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When we got home, we watched Angus, Thongs and Perfect Snogging – which as I mentioned earlier, featured a lot of Eastbourne and Brighton in between the adorable preteen plot to learn to kiss. By 7 PM, the family was downstairs with the addition of Jess’s Nana for a traditional Sunday roast dinner. It felt like a miniature Thanksgiving meal.  Roast pork, cabbage, green beans, potatoes, gravy.. basically everything you could ask for. Even better was the flapjack dessert that reminded me of my Mom’s famous oatmeal and raisin cookies that can put a smile on the saddest of faces. I didn’t realize how much I missed being in a home-like atmosphere until I had taste of it in Jess’s home. I’m extremely excited for the remaining five weeks of my time in London, but pulling into Gold River once again will be a welcome sight. The next morning we took an early train back into the hustle and bustle of London – feeling refreshed from the weekend away, the buildings made me excited to be back in one of my favorite places.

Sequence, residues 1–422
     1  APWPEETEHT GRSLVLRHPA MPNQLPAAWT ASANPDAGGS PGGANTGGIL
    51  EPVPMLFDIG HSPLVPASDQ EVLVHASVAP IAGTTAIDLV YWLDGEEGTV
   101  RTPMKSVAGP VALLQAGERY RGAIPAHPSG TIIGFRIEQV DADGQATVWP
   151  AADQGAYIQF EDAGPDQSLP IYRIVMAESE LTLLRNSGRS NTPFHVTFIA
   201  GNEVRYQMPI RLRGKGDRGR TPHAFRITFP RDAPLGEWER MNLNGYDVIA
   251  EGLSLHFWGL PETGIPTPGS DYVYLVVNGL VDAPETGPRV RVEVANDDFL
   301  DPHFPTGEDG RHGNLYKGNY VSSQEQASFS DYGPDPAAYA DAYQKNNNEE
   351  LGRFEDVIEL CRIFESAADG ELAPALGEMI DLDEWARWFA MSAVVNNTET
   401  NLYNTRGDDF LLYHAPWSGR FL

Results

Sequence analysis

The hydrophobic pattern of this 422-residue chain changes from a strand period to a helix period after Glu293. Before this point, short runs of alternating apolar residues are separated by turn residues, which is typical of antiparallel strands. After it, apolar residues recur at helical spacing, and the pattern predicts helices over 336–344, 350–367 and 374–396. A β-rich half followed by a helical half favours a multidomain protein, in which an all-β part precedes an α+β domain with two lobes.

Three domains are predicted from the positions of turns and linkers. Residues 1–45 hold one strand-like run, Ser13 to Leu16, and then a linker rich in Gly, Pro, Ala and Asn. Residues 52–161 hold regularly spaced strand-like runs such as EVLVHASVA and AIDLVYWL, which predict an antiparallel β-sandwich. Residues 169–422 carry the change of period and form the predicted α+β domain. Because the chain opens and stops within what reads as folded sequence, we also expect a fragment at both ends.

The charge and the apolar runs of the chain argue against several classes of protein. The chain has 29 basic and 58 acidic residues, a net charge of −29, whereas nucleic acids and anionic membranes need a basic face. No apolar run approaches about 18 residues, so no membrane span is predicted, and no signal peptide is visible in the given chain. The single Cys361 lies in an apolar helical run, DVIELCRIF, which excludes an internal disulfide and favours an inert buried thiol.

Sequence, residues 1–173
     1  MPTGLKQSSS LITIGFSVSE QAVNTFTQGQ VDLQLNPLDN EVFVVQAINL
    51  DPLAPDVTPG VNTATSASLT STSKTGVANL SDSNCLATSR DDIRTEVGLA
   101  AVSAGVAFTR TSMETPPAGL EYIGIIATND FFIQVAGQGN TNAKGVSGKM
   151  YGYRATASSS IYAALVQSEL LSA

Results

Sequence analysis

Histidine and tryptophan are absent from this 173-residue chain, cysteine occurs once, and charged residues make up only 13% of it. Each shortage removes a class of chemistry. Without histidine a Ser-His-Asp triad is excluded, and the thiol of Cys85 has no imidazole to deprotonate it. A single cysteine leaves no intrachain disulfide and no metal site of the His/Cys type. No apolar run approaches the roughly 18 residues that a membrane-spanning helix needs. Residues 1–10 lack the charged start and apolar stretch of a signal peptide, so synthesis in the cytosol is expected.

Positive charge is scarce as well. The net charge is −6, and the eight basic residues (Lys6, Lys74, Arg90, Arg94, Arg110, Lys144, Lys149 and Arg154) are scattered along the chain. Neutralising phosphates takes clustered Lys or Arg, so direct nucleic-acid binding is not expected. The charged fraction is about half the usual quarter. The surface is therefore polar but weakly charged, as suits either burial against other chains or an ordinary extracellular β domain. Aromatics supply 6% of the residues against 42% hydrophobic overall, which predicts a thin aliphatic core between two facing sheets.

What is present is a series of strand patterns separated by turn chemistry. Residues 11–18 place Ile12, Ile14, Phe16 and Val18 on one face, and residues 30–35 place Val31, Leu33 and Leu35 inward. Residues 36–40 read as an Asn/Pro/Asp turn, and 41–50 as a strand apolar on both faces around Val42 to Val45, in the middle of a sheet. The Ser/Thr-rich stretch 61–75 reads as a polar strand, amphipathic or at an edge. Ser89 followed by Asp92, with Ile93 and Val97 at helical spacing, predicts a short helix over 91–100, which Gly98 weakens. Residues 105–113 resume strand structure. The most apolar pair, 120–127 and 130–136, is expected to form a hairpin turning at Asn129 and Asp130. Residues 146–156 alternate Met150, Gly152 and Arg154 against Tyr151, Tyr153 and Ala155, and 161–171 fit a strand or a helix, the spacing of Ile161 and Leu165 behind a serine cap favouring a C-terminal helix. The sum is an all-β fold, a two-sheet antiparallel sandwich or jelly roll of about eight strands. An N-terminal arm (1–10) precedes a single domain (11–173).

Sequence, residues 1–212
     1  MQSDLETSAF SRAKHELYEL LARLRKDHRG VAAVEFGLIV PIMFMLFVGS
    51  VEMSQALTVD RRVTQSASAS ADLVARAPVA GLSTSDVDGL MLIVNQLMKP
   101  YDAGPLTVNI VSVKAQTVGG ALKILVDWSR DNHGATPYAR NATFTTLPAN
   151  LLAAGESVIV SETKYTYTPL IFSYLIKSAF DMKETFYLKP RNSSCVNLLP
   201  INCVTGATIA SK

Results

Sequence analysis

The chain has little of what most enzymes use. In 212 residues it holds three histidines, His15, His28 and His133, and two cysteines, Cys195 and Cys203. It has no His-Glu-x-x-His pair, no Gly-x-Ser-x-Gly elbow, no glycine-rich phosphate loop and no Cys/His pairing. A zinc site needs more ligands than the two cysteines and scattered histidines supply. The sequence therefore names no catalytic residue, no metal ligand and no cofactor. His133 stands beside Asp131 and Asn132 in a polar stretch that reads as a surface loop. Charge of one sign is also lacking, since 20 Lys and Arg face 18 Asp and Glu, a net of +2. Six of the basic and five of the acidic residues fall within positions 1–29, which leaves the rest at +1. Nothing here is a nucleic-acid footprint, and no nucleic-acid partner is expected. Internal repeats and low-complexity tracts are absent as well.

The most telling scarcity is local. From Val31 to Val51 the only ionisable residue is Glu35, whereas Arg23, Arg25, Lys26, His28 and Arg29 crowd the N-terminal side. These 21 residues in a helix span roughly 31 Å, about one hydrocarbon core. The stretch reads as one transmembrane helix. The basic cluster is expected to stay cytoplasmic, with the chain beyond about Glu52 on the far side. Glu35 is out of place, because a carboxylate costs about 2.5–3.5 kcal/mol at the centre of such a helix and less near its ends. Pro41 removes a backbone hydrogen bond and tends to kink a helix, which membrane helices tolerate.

IMG_2888Being so far away from home forces me to get out and explore this beautiful country I get for a short time. I’m encouraged by the people I’ve come to be friends with and am so excited to start planning future adventures (hint, hint – planning a little trip for next summer)! What gives you the motivation to explore the world, or even your own town? I’ll end this post with a little quote that used to seem cliché to me but now makes a lot more sense after some very unexpected and joyful trips.

“All journeys have secret destinations of which the traveler is unaware” – Martin Buber

Lots of love,

Laura Reed

Western Ireland + Cliffs of Moher